Setting up a Sub-Office in the Bush: a Voice from the Field

No electricity, no clean water, no telephone, and a hut with a straw roof. This is what would become the WFP sub-office in Ango, Democratic Republic of Congo. In February 2011, we began working in this village located in the region of Uélé to bring food assistance to those displaced after the attacks of the Lord's Resistance Army (LRA). When we arrived, there was virtually no infrastructure – only a few brick houses, two cars, and no UN presence.

Our first mission? To set up the warehouse. After locating a space to erect the warehouse, we cleared, cleaned and built a place to store WFP’s food commodities. Meanwhile, daily life was simple to say the least. We spent two months in the dark each night, without electricity, dreaming of fresh drinking water, fruits and vegetables.wfp staff clearing out land in a village in the democratic republic of congo

After a few months passed, we were able to begin food deliveries -- but not without a number of logistical challenges. Before WFP arrived, the area received very little humanitarian assistance because of a few reasons: the roads are often impassable, planes are a rare asset, and many times flights are canceled due to poor airstrip conditions. The rainy season also doesn’t help the situation, especially the road conditions, which make it very difficult to reach beneficiaries located in several nearby remote villages. In neighboring Dungu territory, the lack of road and airport infrastructure had led WFP to drop food assistance by air to reach vulnerable populations.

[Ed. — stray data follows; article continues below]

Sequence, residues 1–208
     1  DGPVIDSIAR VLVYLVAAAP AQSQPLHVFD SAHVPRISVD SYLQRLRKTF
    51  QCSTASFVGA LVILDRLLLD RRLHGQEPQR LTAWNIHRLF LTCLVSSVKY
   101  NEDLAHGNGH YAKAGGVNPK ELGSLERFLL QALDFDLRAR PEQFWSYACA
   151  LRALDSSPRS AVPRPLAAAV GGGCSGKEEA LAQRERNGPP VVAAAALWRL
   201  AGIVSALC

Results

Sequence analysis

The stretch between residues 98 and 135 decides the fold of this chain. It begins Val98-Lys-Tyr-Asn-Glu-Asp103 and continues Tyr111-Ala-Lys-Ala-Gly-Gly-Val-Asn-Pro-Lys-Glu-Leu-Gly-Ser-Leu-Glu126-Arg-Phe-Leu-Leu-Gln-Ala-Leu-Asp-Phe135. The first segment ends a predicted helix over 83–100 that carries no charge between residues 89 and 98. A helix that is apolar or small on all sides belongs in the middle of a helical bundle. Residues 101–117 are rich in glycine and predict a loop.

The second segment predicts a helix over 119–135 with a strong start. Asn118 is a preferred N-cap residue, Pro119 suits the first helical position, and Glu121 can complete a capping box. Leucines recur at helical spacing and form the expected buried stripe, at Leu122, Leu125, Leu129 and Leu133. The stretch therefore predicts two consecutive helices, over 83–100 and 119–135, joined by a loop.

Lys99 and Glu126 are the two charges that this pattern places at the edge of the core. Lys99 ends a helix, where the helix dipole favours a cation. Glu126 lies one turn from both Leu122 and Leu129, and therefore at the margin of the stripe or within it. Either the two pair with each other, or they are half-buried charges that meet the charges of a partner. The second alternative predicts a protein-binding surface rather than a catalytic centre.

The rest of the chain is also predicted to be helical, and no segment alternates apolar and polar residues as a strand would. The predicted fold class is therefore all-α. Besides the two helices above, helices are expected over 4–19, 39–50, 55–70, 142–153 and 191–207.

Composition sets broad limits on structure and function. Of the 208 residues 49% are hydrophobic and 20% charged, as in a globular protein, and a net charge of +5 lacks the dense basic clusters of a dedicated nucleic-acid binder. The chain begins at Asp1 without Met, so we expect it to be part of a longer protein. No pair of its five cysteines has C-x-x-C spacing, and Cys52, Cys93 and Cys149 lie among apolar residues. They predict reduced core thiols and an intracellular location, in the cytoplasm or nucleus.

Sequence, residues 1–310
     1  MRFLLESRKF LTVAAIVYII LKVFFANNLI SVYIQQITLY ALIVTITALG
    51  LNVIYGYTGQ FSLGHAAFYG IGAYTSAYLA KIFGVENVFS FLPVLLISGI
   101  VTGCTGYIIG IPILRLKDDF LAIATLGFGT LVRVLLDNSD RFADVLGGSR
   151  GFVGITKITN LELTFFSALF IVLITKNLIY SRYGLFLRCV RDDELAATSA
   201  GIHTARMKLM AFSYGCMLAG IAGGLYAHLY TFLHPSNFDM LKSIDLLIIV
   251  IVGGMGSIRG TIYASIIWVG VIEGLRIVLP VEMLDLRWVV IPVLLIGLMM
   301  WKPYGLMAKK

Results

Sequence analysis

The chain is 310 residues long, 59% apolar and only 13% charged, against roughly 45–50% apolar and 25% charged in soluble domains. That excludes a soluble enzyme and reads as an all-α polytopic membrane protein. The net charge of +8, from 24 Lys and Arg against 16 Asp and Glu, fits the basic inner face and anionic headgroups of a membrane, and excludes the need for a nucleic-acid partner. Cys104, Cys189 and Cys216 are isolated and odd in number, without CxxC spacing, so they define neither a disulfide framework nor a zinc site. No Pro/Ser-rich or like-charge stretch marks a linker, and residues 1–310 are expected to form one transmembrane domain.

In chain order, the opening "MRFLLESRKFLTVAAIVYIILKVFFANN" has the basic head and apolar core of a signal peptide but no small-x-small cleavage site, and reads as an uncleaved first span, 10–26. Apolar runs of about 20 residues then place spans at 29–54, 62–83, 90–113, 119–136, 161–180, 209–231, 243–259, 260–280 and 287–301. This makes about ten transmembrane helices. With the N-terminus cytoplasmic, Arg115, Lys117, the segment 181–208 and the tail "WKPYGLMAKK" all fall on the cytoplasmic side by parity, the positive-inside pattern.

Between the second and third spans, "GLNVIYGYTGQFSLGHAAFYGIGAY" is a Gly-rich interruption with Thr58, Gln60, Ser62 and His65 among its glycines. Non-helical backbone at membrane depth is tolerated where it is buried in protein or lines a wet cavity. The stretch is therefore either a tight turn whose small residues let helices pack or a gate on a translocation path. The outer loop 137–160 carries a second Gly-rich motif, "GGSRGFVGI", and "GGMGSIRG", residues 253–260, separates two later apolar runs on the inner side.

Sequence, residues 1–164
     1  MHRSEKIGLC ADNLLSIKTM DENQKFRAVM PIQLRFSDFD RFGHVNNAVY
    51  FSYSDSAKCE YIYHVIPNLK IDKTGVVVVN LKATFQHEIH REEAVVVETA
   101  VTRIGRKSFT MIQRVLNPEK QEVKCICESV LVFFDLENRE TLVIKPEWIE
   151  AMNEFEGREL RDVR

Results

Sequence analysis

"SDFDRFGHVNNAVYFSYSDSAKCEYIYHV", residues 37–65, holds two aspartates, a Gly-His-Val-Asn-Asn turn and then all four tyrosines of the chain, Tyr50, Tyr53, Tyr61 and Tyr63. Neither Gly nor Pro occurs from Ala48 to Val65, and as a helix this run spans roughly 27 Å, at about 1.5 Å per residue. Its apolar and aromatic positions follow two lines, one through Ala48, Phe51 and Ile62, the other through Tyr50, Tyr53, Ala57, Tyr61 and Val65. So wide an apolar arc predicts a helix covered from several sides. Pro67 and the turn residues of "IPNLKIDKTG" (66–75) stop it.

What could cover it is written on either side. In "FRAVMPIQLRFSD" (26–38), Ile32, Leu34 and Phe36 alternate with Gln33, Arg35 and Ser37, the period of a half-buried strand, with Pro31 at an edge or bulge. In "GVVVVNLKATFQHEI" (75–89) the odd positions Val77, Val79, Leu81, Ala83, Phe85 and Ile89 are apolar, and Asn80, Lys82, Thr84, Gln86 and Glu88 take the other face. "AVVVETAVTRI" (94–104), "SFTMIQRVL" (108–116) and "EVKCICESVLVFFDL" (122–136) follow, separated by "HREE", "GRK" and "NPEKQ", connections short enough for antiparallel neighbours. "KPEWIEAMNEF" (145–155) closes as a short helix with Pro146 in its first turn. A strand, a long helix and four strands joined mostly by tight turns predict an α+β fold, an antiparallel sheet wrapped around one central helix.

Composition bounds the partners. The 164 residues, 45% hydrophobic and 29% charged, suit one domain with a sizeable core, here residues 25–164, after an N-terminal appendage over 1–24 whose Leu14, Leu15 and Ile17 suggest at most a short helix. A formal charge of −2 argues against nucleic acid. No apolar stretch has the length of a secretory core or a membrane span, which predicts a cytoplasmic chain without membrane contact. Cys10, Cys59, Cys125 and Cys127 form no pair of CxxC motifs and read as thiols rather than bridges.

To reach Ango, the food must make a long journey. It begins in Koboko, a logistics hub in Uganda, where thewfp truck being moved across water trucks are loaded. From here, drivers are on the road anywhere between 3 and 5 weeks before they arrive in Ango, due to road conditions and security problems along the way. During the rainy season, which lasts for about 5 months per year, the roads deteriorate even further, leading to delays in the delivery.

But this isn’t the worst of it... Once the food has arrived in Ango, it must be distributed. This means driving over roads which are even more difficult, particularly because of the dilapidated bridges that are unable to support the passage of trucks.

I remember one time we were completely stuck; we appealed to local residents, who helped us cross the river. We have transferred food in canoes too, holding up to 500 kg per shift – it takes several spins on a canoe to get cargo to the other side! In other instances, we have brought food feeding centers on bicycles, under the supervision of village chiefs. In neighboring areas, some of the other difficulties include only having to cross a series of 11 damaged bridges to reach distribution sites, and crossing makeshift bridges made of boats tied together.
wfp boat loaded with bags of food

Insecurity in the area is also a challenge, as Ango was the only territory of the Eastern province which did not house a United Nations Stabilization Mission in the Democratic Republic of Congo (MONUSCO) base, an important contributor to the strengthening of national peacekeeping efforts. Because of this, humanitarian staff travel has been quite limited.

By early 2012, there were 12 of us from WFP in Ango, and a colleague from the Swedish Civil Contingencies Agency (MSB). Most of us live in the compound, which can now accommodate 10 people, and by late 2012, the complex will be able to offer 12 rooms. In 2011, we delivered food to approximately 30,000 people.

-- Brett Hanley, Chief of sub-office, Ango DRC


*Above three photos credited to WFP/Brett Hanley